There is an inherent irony in the government's thrust for affordable housing. The policy is aimed at giving the much needed push, but ends up as a disincentive for serious players in the segment.
The reason? There is no difference in the amount of paper work for both affordable and premium housing. And paper work, by default, involves bribe, at least in India.
Sachin Kulkarni, managing director of Vastushodh, a Mumbai-based organisation that develops micro housing satellite townships, is bang on.
"The bribe we pay for premium-housing projects is the same as for our affordable category, with the same amount of paperwork," he says in a report in theEconomic Times.
Precisely, there is no incentives for being in the business of building affordable houses for economically weaker sections of the society.
This is apart from the other most commonly cited reasons such as non-availability of urban land, rising threshold costs of construction and less access to finance.
Even though India's new Minister for Housing and Urban Poverty wants norms to be put in place for private builders to build at least 35 percent of housing units in any real estate project - or 15 percent of the floor area ratio - for economically weaker section, it is the government's current rules and operating environment that is to be blamed for the disinterest among builders.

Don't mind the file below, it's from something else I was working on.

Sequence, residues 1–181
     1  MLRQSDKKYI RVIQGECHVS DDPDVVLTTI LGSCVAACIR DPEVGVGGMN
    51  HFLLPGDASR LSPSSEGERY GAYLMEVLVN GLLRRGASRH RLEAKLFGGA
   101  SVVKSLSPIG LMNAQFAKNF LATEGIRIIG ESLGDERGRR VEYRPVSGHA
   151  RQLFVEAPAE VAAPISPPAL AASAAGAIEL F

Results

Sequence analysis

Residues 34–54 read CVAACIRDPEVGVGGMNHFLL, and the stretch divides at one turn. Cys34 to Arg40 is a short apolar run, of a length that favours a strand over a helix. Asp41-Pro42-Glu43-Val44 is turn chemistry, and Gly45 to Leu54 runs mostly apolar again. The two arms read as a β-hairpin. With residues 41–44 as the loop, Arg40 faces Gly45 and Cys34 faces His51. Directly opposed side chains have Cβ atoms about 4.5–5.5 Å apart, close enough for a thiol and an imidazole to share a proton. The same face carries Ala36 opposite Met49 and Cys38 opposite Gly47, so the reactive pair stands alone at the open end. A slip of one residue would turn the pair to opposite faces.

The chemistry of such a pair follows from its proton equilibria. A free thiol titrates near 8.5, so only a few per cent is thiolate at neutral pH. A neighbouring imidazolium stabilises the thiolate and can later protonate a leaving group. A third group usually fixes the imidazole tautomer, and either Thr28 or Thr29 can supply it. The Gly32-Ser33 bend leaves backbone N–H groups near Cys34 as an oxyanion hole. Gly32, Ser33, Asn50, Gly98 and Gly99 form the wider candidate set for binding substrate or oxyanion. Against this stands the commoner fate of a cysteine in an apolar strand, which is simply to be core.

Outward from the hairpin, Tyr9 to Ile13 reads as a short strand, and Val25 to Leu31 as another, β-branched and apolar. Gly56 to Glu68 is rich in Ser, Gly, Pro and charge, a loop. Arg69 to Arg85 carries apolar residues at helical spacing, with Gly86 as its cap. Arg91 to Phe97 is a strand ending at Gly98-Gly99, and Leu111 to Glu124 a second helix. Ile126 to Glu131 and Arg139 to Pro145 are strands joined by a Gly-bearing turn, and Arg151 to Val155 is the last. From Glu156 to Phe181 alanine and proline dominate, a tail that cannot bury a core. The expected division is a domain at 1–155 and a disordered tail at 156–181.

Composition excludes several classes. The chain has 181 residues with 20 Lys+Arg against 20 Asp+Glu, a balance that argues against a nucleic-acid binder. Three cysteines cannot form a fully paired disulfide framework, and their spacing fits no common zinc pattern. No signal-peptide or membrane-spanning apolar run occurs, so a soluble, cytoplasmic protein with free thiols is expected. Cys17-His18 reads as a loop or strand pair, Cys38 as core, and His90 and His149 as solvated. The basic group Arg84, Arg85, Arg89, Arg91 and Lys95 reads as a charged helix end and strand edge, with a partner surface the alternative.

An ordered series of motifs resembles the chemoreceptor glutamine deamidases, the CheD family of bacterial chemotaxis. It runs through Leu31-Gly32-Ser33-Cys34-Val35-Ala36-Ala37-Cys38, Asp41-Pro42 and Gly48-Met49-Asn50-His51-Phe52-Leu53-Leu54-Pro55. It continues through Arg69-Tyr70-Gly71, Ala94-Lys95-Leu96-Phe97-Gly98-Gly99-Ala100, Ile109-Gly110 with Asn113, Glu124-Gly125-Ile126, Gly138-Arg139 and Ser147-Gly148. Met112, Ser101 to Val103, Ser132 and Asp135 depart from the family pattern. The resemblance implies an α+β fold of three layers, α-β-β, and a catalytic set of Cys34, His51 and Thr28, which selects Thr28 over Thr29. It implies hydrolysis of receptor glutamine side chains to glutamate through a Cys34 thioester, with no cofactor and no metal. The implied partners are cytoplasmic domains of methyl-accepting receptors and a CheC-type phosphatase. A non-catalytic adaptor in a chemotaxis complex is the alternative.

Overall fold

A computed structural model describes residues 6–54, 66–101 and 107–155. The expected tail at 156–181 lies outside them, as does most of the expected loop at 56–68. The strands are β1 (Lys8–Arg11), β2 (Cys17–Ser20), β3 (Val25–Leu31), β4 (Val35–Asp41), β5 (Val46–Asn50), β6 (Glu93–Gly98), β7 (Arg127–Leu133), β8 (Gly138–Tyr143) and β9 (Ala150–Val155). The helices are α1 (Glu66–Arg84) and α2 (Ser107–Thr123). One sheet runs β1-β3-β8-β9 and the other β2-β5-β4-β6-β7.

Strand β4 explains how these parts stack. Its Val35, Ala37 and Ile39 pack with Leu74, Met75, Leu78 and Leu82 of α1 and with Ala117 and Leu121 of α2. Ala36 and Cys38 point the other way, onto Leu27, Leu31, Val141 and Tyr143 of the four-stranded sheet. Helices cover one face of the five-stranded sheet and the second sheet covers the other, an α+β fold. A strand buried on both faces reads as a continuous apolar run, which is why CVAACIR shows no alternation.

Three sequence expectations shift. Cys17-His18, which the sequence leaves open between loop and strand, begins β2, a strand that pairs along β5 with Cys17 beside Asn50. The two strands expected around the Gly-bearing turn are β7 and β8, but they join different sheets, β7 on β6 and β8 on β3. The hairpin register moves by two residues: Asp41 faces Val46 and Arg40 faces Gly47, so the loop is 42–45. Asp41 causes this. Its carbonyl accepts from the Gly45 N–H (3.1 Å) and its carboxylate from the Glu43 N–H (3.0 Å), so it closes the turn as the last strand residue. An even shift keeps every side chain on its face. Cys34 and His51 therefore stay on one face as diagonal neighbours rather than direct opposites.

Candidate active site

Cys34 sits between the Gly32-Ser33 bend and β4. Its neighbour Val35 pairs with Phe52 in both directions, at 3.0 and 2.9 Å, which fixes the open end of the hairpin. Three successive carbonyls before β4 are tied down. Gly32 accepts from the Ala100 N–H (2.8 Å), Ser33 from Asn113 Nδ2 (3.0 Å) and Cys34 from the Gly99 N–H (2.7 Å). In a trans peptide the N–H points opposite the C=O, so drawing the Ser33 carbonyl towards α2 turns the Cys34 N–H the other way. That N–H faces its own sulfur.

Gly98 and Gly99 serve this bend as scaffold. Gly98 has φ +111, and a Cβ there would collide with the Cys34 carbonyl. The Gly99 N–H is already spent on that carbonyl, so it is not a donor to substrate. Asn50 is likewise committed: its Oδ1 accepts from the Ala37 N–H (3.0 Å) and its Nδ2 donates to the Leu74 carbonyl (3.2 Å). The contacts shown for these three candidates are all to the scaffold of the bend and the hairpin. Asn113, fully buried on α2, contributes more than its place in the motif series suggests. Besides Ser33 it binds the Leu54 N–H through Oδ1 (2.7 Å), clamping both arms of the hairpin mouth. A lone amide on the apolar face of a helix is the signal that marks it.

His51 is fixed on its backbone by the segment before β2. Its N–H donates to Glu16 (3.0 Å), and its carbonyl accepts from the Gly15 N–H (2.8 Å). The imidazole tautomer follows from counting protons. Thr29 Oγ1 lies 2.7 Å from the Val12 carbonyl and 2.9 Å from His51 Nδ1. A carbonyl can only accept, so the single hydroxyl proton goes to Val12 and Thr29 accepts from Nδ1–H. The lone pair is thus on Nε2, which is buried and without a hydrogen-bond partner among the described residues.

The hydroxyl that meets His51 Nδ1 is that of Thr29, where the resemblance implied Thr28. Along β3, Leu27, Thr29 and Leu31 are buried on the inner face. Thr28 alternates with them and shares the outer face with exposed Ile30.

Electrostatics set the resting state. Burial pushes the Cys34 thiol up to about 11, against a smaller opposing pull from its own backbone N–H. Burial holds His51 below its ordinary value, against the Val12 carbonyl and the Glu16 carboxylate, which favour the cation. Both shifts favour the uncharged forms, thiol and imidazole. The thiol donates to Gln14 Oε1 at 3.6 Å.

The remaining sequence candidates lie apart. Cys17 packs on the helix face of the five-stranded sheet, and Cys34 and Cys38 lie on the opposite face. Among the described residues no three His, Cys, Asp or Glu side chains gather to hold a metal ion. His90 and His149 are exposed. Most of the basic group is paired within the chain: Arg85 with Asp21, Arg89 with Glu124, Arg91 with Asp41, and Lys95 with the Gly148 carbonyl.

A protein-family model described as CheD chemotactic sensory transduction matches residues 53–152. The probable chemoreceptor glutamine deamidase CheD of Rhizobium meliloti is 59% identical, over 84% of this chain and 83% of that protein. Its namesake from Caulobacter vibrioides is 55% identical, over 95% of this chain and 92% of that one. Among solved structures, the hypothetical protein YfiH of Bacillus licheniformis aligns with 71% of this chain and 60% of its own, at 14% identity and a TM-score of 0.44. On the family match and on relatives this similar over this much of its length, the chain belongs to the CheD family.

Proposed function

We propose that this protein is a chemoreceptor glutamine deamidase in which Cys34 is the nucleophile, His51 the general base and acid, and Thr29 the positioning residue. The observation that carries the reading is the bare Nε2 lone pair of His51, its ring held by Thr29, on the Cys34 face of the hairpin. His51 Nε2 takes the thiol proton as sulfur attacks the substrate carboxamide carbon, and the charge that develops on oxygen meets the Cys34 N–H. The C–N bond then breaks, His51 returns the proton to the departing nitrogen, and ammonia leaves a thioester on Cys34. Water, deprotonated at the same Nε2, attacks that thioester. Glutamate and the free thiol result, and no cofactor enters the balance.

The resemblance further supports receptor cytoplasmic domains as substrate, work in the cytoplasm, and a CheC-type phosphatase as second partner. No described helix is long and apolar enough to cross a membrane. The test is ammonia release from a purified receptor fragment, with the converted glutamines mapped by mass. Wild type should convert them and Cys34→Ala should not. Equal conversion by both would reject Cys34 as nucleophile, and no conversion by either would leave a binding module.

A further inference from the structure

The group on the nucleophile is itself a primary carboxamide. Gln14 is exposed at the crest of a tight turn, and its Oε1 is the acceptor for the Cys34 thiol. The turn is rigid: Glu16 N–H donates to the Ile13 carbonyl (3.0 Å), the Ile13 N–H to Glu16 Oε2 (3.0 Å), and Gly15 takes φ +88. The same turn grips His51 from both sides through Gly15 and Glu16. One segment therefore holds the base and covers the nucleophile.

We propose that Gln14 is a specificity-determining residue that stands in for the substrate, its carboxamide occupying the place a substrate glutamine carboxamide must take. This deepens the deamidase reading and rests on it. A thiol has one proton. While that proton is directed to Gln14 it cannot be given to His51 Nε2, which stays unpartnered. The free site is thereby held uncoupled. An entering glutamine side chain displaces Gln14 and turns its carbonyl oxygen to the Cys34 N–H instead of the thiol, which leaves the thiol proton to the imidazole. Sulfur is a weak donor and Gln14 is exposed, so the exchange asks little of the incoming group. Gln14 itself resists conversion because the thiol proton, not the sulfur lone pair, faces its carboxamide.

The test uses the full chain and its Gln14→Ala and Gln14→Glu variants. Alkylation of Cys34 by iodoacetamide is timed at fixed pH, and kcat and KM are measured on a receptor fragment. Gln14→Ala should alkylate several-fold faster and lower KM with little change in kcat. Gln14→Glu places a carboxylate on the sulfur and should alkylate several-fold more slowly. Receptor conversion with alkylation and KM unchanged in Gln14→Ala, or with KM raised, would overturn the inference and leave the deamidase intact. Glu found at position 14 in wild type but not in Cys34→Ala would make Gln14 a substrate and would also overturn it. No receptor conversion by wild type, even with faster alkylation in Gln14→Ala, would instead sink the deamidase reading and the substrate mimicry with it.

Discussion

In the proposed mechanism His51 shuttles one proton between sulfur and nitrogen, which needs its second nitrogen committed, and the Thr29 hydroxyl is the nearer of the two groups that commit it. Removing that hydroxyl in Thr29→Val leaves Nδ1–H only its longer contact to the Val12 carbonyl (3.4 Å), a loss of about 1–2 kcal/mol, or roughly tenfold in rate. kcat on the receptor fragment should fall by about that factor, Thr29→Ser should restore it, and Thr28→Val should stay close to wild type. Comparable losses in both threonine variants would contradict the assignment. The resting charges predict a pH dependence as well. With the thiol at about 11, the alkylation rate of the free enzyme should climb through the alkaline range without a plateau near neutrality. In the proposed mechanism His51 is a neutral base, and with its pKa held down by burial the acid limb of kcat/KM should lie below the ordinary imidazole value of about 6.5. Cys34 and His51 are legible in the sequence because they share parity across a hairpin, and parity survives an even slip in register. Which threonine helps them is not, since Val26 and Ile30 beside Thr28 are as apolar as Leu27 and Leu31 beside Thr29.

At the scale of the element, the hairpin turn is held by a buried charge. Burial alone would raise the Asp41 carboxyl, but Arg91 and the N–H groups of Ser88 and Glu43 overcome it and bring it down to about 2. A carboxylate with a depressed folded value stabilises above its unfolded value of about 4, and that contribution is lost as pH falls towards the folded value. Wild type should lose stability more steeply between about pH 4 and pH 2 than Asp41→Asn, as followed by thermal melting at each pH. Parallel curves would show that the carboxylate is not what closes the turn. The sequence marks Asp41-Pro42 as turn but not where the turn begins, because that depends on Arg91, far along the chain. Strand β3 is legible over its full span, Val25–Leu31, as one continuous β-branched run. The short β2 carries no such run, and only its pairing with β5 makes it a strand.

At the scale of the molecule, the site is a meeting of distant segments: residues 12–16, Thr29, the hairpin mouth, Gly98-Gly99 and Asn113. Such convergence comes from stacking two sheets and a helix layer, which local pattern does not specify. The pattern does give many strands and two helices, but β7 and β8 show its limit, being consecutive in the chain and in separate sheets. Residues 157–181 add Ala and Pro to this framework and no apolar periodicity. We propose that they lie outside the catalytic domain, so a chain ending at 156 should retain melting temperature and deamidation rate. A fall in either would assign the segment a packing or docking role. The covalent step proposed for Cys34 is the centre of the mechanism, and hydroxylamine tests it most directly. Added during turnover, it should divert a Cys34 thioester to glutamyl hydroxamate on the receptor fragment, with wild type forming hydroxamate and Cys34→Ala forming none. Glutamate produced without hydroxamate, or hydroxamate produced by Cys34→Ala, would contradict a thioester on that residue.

Why would any businessman opt for a low-margin project rather than a high paying one when the bribe amount is the same in both the cases?
The logic is simple: A larger ticket size will bring in a higher profit margin.
And this is perhaps the reason why many developers that had earlier started off constructing houses costing below Rs 10 lakh have now ventured into what is called affordable housing- higher price points targeting salaried persons with the ability to shell out anything between Rs 15-40 lakh.
With only a few lost-cost players in the market, the government can forget about making affordable housing a reality in India.
This shift to a hybrid model with multiple price points and a low-income tag has fuelled investor interest in this space too which in turn has made this market speculative in nature.
"The pool of investors is very large, and they are pushing up prices and blocking out end-users. The objective of low-cost housing is lost," Subhankar Mitra, head, strategic consulting (west), Jones Lang LaSalle India, a real estate consultancy firm is quoted as saying in the report.
Clearly without any checks and balances and penalties for non-compliance, the whole object of low-cost housing is lost.
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